Democracy in Central Asia is evolving since the Soviet Union’s collapse three decades ago. Despite a history of authoritarianism, the region is showing signs of human rights improvement and increased democratic representation. New voices are emerging, impacting societal change. It’s crucial to recognize this progress while still addressing human rights issues and advocating for further democratic reforms.
On December 10, 2023, the world celebrated the 75th anniversary of the Universal Declaration of Human Rights (UDHR), a g seminal document that established the universal recognition of fundamental human rights. The anniversary was marked by various events and initiatives around the globe, including a significant event in Geneva. In line with this celebration, the U.S. Secretary of State Anthony Blinken announced the designation of Taliban leaders connected to restrictions on access to secondary education for women.
President Kassym Jomart Tokayev of Kazakhstan also demonstrated his country’s commitment to upholding human rights by signing a decree titled “On Further Measures of the Republic of Kazakhstan”. This statute underlines Kazakhstan’s commitment to implementing democratic reforms and integrating them into everyday public life.
The Decree aligns the nation’s democratic and human rights mechanisms with international standards, encouraging cooperation between the state, the United Nations (UN), and the Organization for Security and Cooperation in Europe (OSCE). It has initiated practical measures like expert-led training sessions from the UN and OSCE to implement regional political reforms. Additionally, the Decree’s Action Plan details the executive, legislative, and judicial branches’ the execution of reforms in collaboration with civil society and the international community with the ultimate aim of upholding the rule of law and human rights. These initiatives are consistent with President Tokayev’s promise to build a “Just and Fair Kazakhstan” that will protect marginalized groups, support union activities, uphold assembly rights, and prevent violence and torture.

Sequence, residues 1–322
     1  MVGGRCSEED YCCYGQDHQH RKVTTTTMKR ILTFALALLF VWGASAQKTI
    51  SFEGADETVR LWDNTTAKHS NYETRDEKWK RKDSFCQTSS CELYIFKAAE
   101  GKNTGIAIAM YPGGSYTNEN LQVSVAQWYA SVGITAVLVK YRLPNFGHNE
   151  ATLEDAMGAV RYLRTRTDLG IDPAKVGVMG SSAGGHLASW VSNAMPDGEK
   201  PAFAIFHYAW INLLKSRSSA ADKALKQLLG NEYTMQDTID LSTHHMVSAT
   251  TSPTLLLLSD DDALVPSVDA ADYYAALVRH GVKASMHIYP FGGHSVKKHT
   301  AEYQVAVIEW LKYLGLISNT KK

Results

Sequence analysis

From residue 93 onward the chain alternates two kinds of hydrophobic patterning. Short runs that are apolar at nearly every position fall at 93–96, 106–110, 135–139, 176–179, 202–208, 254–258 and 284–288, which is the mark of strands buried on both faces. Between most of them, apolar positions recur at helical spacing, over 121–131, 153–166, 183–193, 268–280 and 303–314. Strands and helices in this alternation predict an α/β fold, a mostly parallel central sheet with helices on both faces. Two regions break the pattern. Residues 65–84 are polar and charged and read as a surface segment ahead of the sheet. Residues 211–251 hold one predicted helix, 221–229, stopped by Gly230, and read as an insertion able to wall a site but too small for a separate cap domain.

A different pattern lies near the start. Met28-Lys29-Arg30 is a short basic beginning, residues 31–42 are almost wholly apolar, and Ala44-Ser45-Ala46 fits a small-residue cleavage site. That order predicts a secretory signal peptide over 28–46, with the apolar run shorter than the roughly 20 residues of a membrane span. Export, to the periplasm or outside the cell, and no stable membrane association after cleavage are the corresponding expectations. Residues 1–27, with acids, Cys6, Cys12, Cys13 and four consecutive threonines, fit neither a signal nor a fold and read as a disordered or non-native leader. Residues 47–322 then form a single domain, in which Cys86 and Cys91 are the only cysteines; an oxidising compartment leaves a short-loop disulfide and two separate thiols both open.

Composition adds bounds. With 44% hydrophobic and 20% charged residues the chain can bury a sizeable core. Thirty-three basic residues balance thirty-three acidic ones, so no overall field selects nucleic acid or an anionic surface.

Building gender equality
Women’s rights have become a focal point globally. Kazakhstan, with its nomadic heritage, has made significant strides in narrowing the gender gap compared to many other countries. Since joining the UN’s Human Rights Council for the 2022-2024 term, the country has prioritized gender equality and women’s empowerment. Kazakhstan recently moved up 15 positions in the “Global Gender Gap” index due to successful reforms in the field of gender development where it is ranked 65 out of 146 countries.
The recent Decree fundamentally strengthens gender equality. The Government is instructed to take systematic measures to promote equal rights and opportunities in all spheres of society, as well as to overcome all forms and manifestations of gender discrimination. The decree also encompasses legislation to deter domestic violence and promotes equal rights and safety for both men and women in the Republic of Kazakhstan, as endorsed by UN Security Council resolution 13251. This is a significant step forward in addressing gender-based violence and discrimination, reflecting the government’s commitment to promoting human rights and gender equality.
Combatting domestic violence
A recent, and very public, tragedy in Kazakhstan represented domestic violence at its worst. To combat domestic violence effectively, it is essential to create a legal culture that promotes zero tolerance towards all forms of violent offenders. Women and children are the most vulnerable in such situations, and it is crucial to prioritize their safety and well-being.
The Decree involves legislative measures that have now been implemented to tighten criminal liability in cases of domestic violence. These measures aim to hold perpetrators accountable for their actions and ensure that victims can get justice. Additionally, offenders of domestic violence may be required to undergo comprehensive psychological correction as part of their rehabilitation process.
Best practices show that involving female employees by the authorities in this process can bring a unique perspective and sensitivity to domestic violence cases. The Decree involves creating specialized units within the Ministry of Internal Affairs staffed with female officers, who can enhance the effectiveness of combating domestic violence. These units will provide support to victims while working towards achieving justice.
Protecting those detained and convicted